Ahsoka Tano, who was Anakin Skywalker’s apprentice, also had her history in the gravest form of the Jedi. She, along with Obi-Wan and Anakin, encountered the ethereal Father, Daughter, and Son on Mortis. Throughout their interactions, the trio watched as the balances of power swung wildly between the personifications of light and dark, ending with Ahsoka absorbing the essence and energy of the Daughter, basically harboring a depth of the light side of the Force. inside. Later, she left the Jedi of her own accord, equally disheartened by their narrow limitations. As a trained user of the Force, she went on to adopt a more balanced and personal moral code.
Similarly, in Rebels, Bendu is not only shown as the most powerful Force user in the galaxy of Star Warsrather, it exists outside of the Jedi and Sith binary. Existing by choice outside of any organized society and beyond the recognition of the Jedi and the Sith, Bendu was a non-violent Force user who viewed both sides as inherently flawed. At the end of his arc, of course, Bendu proved to have immense power, being able to control the weather systems of an entire planet. Although he was not a trained Knight and therefore could not be a Gray Jedi, he embodied the balance between light and dark in his personal philosophy.
However, Mortis is a mystical realm that exists outside of traditional time, space, and reality. From it and within it, the Force flows freely, leading to speculation that it may be the source or conduit of all the Force in the galaxy. As part of the history of the Clone Wars In Mortis, not only did Ahsoka absorb the archetypal role of the Daughter, but Anakin was evaluated through a series of tests orchestrated by the Father to determine if he really was the Chosen One and next in line to maintain balance in the Force. . Anakin refused to take the physical place of the Father and to keep the Daughter and Son aligned and balanced, leading the Father to speculate that this would lead to the future ruin of the galaxy. Of course, Anakin ended up achieving balance in the Force, but in a twisted and horrible way, taking down the Jedi first and helping the Empire rise.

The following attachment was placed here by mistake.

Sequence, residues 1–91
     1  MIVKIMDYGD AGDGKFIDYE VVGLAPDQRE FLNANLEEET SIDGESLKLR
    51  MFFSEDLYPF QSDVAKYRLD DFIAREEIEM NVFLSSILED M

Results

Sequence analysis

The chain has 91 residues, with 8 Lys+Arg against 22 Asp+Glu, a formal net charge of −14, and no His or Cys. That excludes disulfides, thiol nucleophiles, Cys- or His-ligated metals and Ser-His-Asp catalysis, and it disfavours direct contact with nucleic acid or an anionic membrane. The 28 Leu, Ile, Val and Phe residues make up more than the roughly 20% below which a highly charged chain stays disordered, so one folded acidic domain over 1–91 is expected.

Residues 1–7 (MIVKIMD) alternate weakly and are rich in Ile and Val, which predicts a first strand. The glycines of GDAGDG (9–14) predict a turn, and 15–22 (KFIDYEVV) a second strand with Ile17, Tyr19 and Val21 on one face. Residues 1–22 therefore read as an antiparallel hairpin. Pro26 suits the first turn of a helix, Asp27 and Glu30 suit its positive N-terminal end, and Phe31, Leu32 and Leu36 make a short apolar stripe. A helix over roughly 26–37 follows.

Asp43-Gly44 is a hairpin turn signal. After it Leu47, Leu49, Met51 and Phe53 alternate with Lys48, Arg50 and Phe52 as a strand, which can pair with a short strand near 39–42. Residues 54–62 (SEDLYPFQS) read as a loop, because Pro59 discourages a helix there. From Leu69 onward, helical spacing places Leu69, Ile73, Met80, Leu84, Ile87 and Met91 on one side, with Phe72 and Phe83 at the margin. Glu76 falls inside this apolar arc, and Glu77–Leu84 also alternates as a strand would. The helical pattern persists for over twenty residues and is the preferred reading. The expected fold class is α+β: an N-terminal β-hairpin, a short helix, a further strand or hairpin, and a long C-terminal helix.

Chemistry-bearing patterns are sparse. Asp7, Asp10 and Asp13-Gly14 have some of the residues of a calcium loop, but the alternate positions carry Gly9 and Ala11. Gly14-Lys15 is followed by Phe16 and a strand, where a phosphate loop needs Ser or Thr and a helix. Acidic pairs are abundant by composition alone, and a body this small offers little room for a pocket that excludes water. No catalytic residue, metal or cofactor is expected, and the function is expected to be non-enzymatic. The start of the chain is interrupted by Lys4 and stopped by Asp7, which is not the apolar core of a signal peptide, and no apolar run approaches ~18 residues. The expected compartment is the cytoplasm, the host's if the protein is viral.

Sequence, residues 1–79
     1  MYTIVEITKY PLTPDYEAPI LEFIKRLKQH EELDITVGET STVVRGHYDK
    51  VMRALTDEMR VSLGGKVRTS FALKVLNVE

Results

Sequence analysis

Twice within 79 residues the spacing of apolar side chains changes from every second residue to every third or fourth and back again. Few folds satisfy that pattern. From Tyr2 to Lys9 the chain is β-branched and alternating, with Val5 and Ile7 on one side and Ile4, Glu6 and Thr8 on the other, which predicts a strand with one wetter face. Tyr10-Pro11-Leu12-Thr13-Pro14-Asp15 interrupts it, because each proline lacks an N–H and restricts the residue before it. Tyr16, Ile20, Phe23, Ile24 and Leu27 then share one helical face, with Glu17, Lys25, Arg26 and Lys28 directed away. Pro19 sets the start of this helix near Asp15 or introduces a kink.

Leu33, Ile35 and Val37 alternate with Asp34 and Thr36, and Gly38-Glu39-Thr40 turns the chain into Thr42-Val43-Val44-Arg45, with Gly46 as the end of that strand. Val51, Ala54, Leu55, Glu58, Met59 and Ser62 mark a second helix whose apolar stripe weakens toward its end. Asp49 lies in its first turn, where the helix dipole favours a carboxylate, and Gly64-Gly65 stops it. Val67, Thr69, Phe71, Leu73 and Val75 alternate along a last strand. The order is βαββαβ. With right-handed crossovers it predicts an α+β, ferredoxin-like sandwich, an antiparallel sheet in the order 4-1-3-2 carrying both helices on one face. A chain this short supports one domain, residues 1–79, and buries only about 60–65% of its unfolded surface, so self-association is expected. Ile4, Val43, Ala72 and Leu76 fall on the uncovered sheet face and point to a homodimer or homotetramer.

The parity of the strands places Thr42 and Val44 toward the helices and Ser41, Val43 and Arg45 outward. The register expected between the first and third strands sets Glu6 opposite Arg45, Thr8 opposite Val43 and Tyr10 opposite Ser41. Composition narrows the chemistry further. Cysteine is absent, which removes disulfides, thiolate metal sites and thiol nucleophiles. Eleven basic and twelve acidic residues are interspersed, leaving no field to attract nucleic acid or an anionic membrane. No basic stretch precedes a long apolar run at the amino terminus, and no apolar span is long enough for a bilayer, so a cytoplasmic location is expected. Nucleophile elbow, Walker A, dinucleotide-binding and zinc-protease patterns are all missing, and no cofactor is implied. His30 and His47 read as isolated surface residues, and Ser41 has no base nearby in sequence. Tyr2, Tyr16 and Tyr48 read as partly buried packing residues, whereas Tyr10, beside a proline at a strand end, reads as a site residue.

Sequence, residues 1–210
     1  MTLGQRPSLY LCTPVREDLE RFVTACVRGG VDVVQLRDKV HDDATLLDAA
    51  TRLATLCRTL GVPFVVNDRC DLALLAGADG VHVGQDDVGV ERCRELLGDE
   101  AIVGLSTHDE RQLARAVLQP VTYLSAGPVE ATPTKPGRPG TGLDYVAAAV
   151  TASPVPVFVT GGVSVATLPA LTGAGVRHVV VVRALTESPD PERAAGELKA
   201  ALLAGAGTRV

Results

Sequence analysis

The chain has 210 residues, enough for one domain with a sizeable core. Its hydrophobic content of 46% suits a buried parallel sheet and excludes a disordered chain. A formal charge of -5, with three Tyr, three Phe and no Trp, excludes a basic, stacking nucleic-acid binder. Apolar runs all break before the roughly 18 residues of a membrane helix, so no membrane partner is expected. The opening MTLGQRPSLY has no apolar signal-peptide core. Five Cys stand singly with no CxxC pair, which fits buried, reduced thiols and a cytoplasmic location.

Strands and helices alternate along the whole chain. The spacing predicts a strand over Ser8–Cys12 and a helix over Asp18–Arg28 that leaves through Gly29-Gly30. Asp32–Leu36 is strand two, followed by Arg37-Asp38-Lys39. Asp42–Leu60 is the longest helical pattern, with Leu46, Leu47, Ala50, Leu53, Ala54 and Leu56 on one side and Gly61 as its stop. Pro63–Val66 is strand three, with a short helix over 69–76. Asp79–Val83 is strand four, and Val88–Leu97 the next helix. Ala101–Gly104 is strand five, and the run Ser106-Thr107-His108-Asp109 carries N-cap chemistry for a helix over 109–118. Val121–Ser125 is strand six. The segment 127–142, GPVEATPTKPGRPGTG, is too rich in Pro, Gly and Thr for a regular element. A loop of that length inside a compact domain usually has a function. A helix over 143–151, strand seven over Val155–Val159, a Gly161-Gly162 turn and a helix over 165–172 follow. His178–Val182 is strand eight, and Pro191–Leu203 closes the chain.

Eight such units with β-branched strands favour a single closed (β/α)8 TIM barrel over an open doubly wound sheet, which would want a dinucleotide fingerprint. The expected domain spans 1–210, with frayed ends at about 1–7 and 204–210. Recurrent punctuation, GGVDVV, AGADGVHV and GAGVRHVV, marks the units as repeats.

The Father in Mortis was both the head of the mystical family and the archetypal physical embodiment of the balanced nature of the Force. While his Daughter represented the light side of the Force and his Son was the living embodiment of the dark side, he walked a middle way. As such, the Father not only accepted both sides of the Force, but understood the need for each of them to achieve a truly balanced and nuanced Force. Acceptance from all sides and appreciation for the symbiosis of light and dark was its entire arc and purpose.
But while the Father may embody the ideals of the Gray Jedi, as he represents a balance between light and dark, he exists outside of the Jedi Order itself. While any user of the Force can be classified as Jedi or Sith, there are Force-sentient beings that exist outside of those classifications, such as the aforementioned Bendu. Although the Father exhibits many of the characteristics of a Gray Jedi, he is still not technically a Jedi, but an external representation of true balance.
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Star Wars: Was Mortis’s Father a Gray Jedi?